The effort also featured an innovative modeling approach developed by the Designing Sustainable Landscapes Project at the University of Massachusetts Amherst.

One of the keys to developing the Connect the Connecticut design was selecting 15 species as representatives for others that rely on similar habitats within the major types of natural systems in the watershed.

For example, the blackburnian warbler was selected to represent hardwood forests. By ensuring that high-quality habitat for these representative species was included in the design, the partners were able to address the needs of a range of fish and wildlife.

More than just a map, the conservation design includes a variety of datasets and tools that people from all sectors can access to make more informed decisions about managing lands and waters that provide habitat for wildlife, and support local economies and the overall health and well-being of communities.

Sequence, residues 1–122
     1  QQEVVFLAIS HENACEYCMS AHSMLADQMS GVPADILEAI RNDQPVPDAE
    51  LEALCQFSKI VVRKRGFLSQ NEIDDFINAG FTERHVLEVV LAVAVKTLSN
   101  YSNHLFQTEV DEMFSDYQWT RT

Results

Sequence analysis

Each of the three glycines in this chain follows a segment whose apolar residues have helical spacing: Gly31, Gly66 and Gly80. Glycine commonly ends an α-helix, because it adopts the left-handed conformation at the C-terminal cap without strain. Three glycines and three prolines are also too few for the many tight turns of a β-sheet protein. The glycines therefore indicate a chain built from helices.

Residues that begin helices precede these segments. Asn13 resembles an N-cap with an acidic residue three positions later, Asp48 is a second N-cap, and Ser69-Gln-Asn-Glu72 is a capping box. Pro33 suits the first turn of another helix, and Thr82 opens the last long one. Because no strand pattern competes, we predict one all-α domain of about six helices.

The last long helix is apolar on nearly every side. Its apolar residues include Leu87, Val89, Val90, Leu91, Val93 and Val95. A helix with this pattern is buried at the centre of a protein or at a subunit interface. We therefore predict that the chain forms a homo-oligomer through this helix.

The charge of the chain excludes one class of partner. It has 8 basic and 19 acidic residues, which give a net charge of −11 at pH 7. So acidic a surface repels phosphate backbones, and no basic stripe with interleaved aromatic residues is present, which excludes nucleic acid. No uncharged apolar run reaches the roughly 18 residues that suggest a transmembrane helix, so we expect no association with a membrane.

“These products are useful because we know there is a tremendous amount of data that has been analyzed and collected in one place, and that it is oriented toward shared priorities,” says Andrew Fisk, Executive Director of the Connecticut River Watershed Council. “There are so many wells to dip into for information, so the fact that this is comprehensive and comprehensible to those who are not power users of data is really important.”

Connect the Connecticut is intended to help resource managers, planners, and others prioritize effective conservation actions, and adjust course as needed to achieve meaningful and measurable conservation results. The tools and information complement local knowledge by offering broader state, regional, and national context to help sustain important natural resources across large regions in an era of accelerated change.

“If you are working locally, you should know what’s going on regionally – where there is going to be energy for conservation,” says Bill Labich, regional conservationist with Highstead Foundation.

Labich, Fisk and other partners are now testing the design and exploring potential applications with their agencies and organizations. Information and lessons learned from the landscape conservation design process will be used to refine the products over time, and can be applied in other geographies throughout the Northeast.